Do you love animals? We do too! We donate time and a portion of our profits to various animal rescue and vegan advocacy organizations. Some of the groups we have worked with and have supported include Our Hen House, VegWorcester, Maple Farm Sanctuary, Institute for Humane Education, The Rescue + Freedom Project, Rancho Relaxo and Greyhound Rescue of New England.
Have you heard about our new giving program? Every quarter, an animal rescue, animal protection or vegan advocacy non-profit organization will receive a donation of 5% of our sales (nope, not just profits — I really mean sales). This quarter’s non-profit organization is — drum roll, please — Sunny Meadow Sanctuary!
Sunny Meadow Sanctuary is a 501c3 charity that rescues and provides homes for farm animals, including equines, cows, pigs, turtles, rabbits, goats, sheep, chickens, and ducks. They also provide habitat and care for rehabilitated wild rabbits and other wildlife. Plus, Sunny Meadow educates the public about veganism, animal care, animal abuse, and environmental sustainability via tabling, tours, sermons, leafletting, speeches, vegan outreach, and legislative action.
Sunny Meadow works with students and at risk children to raise their awareness of farm animals and veganism. Their education and experience in education (Steve), and science and farming (Helen), really helps them get the facts of vegan awareness and animal agriculture to people.
Have questions about our giving program? Want to suggest an organization? Don’t hesitate to reach out!
How can you help? We’re so glad you asked. The number one thing you can do to help animals is to adopt a vegan lifestyle.
- If you believe that doing unnecessary harm to animals is wrong, then you already agree with the idea of veganism.
- If you think animals are sentient beings with emotional lives, not inanimate objects, you already agree with veganism.
- If you think animals should be treated as individuals and not as profit making machines, you already agree with veganism.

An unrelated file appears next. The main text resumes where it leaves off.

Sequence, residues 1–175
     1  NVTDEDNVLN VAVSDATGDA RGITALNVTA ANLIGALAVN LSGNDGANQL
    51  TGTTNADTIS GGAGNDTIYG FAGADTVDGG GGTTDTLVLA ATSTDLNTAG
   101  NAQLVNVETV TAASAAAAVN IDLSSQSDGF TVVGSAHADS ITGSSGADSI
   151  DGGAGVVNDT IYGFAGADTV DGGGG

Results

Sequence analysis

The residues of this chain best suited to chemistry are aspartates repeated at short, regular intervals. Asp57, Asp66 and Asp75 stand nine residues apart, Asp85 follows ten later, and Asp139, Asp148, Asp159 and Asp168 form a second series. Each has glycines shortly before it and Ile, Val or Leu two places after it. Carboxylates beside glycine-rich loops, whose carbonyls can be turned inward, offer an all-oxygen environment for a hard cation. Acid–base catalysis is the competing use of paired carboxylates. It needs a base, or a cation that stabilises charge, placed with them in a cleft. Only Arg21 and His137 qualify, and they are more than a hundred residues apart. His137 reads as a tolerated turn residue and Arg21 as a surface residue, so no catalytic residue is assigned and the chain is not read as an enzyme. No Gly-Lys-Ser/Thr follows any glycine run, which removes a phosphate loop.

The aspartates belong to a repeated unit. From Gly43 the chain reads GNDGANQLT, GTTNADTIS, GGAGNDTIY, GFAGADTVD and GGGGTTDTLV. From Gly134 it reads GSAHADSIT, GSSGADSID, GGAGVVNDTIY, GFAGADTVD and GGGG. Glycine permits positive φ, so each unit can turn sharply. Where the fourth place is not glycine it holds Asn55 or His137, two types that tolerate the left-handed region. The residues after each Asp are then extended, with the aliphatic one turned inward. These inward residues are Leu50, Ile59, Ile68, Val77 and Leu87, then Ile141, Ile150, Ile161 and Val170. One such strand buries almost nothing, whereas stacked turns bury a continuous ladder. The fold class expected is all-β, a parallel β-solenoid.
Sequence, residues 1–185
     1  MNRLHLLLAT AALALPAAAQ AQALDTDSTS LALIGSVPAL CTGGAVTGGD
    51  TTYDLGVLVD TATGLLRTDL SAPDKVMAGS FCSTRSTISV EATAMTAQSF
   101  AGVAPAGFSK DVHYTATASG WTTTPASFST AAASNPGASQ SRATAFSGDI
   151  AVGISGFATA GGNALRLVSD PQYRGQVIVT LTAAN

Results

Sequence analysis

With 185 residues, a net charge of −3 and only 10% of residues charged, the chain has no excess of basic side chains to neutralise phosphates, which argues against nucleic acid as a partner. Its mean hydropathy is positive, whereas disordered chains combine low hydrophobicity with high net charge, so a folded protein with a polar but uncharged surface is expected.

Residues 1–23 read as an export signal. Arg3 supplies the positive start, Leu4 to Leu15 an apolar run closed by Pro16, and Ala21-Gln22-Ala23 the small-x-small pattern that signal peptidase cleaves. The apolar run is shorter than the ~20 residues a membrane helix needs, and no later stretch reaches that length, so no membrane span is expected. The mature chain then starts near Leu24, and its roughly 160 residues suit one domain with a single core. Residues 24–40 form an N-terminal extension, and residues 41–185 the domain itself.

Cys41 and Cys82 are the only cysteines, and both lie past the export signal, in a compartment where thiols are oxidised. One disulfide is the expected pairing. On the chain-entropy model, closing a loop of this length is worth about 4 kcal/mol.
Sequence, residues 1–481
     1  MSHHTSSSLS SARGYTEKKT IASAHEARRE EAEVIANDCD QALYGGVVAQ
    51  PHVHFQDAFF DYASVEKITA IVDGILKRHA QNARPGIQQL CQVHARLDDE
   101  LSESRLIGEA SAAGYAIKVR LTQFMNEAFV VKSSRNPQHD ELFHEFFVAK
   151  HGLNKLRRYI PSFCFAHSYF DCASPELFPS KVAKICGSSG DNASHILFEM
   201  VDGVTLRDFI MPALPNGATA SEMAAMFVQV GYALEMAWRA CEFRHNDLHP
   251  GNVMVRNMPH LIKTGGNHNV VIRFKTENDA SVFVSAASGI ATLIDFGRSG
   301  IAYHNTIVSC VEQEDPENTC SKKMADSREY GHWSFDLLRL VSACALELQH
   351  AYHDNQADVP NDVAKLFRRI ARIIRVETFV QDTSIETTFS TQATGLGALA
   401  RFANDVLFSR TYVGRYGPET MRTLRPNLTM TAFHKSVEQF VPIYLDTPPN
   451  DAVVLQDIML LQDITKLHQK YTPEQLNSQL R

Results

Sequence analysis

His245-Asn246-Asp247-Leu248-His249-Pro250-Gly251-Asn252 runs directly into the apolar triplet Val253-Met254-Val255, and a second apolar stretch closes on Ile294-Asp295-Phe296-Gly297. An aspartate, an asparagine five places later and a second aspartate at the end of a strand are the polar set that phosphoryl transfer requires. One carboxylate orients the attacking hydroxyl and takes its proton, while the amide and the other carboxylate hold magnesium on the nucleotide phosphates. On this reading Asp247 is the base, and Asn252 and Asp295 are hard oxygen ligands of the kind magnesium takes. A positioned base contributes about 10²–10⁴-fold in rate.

All you need to do now is to put your beliefs into action!
What exactly is veganism? Donald Watson coined the term in 1944 and defined it like this:
“Veganism is a way of living which excludes all forms of exploitation of, and cruelty to, the animal kingdom, and includes a reverence for life. It applies to the practice of living on the products of the plant kingdom to the exclusion of flesh, fish, fowl, eggs, honey, animal milk and its derivatives, and encourages the use of alternatives for all commodities derived wholly or in part from animals.”
If you think becoming a vegan (not to be confused with a Vulcan or a Suzanne Vega super fan) is difficult, think again! Once you learn why you should be a vegan, you won’t want to contribute to the suffering that animal use causes and avoiding animal products will be something you will want to do.
Adopting a vegan lifestyle is about rejecting violence and exploitation, not about deprivation and restriction. There are so many great resources for learning about veganism and we have categorized a whole bunch into the handy list below. Please reach out to us if you have any questions at all and we will do our best to answer them or point you in the right direction.
Catskill Animal Sanctuary - Saugerties, NY
Farm Sanctuary - Watkins Glen, NY, Orland, CA and Acton, CA
Maple Farm Sanctuary - Mendon, MA
Sasha Farm - Manchester, MI
Vine Sanctuary - Springfield, VT
Woodstock Farm Animal Sanctuary - High Falls, NY
Eat Like You Care
Eat Vegan on $4.00 a Day
Forks Over Knives - The Cookbook
Main Street Vegan
Mind If I Order the Cheeseburger?
The China Study
The Ultimate Betrayal
The Emotional Lives of Animals
Vegan for Life
Veganomicon: The Ultimate Vegan Cookbook
Why We Love Dogs, Eat Pigs, and Wear Cows
Forks Over Knives
Peaceable Kingdom: The Journey Home
Physicians Committee for Responsible Medicine: PCRM
Brenda Davis, Registered Dietitian and Nutritionist
Ginny Messina, MPH, RD
Matt Ruscigno, MPH, RD
Recipes & Chefs
Vegan food may not be what you think, especially if you are picturing a diet of wheatgrass, bark and purified air. There are as many (or more!) types of vegan food as there are non-vegan food — Mexican, Indian, Ethiopian, “burgers” & fries, donuts (yes donuts!), “meat” loaf, non dairy cheeses — vegans are not deprived in the least. Here are some great sites with recipes of varying degrees of complexity.